I don’t know about anyone else, but stories have always been a big part of my life. One of the most fond memories from my childhood is sitting with my grandfather while he told me tales about growing up in the Southside neighborhood of Greensboro. Not only were they entertaining, they made the history of my hometown come alive in a way that a non-fiction book never could. Unfortunately, I’m pretty sure that was a major contributor to my becoming a history nerd, so I guess it’s a wash.
Albert Einstein once said “If you want your children to be intelligent, read them fairy tales. If you want them to be more intelligent, read them more fairy tales.” Al and I agree on this because, as I said just a minute ago, I’ve learned a lot from stories and fairy tales, probably more than I have from text books, biographies and other types of non-fiction. I believe that’s true for most of us. But, for some reason, we are incredibly dismissive of the former, saying “Oh, it’s just fiction”. As if something has to factual to be true.
It wasn’t always that way. In the days of the oral tradition, knowledge was passed through folktales, songs, ballads, etc. These methods of transmission weren’t necessarily true, but they conveyed truth. Take the creation story in Genesis, for example. The author of Genesis tells us the earth was created by God in 7 days and humans and animals sprang into being in their current form during that span. Science, however, has shown that the universe was formed in the The Big Bang and the earth in its inhabitants evolved over almost 14 billion years. From a viewpoint ruled solely by facts and “truth”, the Genesis story is bunk, unworthy of serious consideration. But, if we read it as a fairy/folk tale, it is so much more.
Scholars believe that most of the Old Testament assumed written form during The Babylonian Exile (6th century BCE). Before that, the stories that made up what became those books existed primarily in oral form, stories told to impart wisdom and knowledge. Now, it could be that those early Israelites believed the world was created in a literal seven days, that there really was a Garden of Eden and the Fall occurred because a woman listened to a snake and ate some prohibited fruit. But, there was another level to the story, one that still informs us today: this story may not be factually true, but it is truthful because it tells us we were created for more than eating, sleeping and screwing our way through life.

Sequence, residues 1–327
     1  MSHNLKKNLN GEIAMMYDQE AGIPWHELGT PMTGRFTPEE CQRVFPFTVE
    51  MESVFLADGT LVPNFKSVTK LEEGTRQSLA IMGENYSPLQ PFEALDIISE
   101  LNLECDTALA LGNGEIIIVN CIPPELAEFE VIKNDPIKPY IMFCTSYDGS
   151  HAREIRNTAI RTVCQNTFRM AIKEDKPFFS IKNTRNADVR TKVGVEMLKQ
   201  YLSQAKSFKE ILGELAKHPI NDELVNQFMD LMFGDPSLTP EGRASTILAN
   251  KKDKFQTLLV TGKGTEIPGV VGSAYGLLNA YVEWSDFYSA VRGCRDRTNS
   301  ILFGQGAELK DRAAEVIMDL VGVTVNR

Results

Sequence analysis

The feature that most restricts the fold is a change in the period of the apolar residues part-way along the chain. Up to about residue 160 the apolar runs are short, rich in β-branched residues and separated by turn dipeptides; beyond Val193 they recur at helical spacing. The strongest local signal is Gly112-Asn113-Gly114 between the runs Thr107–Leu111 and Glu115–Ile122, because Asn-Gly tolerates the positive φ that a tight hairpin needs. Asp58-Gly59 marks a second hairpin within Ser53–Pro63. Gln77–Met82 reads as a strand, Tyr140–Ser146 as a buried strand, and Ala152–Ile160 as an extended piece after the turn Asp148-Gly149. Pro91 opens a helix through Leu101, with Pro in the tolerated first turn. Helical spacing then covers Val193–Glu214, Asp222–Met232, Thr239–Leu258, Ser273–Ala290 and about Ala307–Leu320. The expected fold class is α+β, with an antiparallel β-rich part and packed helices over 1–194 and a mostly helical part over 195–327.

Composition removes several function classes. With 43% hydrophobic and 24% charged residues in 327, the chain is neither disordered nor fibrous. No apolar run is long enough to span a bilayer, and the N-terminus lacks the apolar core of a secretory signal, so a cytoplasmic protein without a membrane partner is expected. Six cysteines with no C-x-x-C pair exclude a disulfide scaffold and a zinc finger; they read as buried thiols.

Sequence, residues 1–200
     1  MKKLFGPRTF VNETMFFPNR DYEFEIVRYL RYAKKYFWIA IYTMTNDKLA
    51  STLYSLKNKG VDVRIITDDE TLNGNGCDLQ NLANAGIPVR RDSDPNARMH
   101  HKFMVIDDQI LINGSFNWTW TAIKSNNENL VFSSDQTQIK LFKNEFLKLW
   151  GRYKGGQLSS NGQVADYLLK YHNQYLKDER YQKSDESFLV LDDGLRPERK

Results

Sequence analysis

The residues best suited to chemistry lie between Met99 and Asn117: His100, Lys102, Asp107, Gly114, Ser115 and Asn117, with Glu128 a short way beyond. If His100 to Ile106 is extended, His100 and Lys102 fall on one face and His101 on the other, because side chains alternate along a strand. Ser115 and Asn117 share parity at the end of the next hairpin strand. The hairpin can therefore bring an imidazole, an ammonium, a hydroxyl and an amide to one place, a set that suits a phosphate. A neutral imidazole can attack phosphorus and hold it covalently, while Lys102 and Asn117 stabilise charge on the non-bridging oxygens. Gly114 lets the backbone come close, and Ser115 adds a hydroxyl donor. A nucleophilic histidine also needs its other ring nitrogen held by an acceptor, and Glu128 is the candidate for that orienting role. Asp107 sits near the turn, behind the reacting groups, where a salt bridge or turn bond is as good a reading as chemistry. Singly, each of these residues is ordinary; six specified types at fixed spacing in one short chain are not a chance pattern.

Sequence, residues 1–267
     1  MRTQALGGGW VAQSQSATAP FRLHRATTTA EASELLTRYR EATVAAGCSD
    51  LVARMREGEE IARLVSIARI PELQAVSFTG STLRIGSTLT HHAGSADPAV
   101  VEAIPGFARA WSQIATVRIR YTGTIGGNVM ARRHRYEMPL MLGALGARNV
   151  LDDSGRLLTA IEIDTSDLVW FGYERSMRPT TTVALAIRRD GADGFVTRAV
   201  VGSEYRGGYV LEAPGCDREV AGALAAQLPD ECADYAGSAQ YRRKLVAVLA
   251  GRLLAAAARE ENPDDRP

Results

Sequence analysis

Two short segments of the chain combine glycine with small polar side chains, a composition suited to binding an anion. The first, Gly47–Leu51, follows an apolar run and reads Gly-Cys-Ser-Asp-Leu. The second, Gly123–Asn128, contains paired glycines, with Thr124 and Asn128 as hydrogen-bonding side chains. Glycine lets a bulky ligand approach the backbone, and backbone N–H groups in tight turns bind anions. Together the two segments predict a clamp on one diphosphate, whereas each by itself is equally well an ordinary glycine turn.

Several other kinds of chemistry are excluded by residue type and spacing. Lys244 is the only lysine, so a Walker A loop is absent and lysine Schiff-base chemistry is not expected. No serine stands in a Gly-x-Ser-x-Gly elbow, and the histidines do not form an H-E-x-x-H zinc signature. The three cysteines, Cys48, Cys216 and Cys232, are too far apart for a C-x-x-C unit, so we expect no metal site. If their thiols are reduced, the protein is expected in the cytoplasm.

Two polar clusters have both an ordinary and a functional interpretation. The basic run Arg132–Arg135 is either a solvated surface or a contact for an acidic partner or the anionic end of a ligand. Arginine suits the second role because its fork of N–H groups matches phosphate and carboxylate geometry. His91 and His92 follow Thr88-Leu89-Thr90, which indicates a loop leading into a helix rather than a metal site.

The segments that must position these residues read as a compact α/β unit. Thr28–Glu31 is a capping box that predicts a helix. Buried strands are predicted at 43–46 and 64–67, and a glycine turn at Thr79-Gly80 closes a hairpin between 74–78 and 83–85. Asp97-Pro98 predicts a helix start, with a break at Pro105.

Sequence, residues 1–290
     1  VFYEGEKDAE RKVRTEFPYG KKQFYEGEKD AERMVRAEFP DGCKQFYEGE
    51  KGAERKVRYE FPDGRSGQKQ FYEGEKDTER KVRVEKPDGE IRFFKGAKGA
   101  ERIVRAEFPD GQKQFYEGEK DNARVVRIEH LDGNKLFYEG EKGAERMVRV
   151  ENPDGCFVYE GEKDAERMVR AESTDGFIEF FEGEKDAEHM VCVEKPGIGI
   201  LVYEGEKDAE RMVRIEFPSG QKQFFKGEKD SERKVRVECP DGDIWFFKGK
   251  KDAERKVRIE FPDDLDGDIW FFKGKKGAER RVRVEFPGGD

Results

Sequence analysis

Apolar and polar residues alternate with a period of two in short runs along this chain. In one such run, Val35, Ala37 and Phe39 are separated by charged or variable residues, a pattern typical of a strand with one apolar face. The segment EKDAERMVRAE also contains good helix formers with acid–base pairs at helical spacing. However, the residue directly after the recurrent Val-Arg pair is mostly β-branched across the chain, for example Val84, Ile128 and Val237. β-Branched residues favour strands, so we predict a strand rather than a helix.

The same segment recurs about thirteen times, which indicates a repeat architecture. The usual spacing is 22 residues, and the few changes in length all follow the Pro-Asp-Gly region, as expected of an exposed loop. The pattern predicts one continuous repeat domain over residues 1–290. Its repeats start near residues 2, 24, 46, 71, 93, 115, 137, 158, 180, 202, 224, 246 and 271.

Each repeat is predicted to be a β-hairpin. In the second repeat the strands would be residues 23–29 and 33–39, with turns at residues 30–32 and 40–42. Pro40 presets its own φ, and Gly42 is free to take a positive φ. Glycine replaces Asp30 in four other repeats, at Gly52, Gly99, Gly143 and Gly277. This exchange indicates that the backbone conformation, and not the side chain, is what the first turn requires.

It’s this kind of thing that keep from getting too upset when someone refers to the Bible as a fairy tale or fiction. It grieves me, though, that fairy tales and fiction have gotten such short shrift in our modern world that they’ve become an insult, a dismissal. One of the more intriguing and, for me, encouraging, aspects of this post-modern era we are entering into is the re-emergence of the importance of story in passing knowledge on to the next generation.
So, by all means, read your children fairy tales and bible stories, tell them tall tales and stories about your childhood, embrace all manner of other fiction. As Einstein said, it will make them intelligent. But, while you’re reading and telling, pay attention yourself. Because no dog is too old to learn a new trick.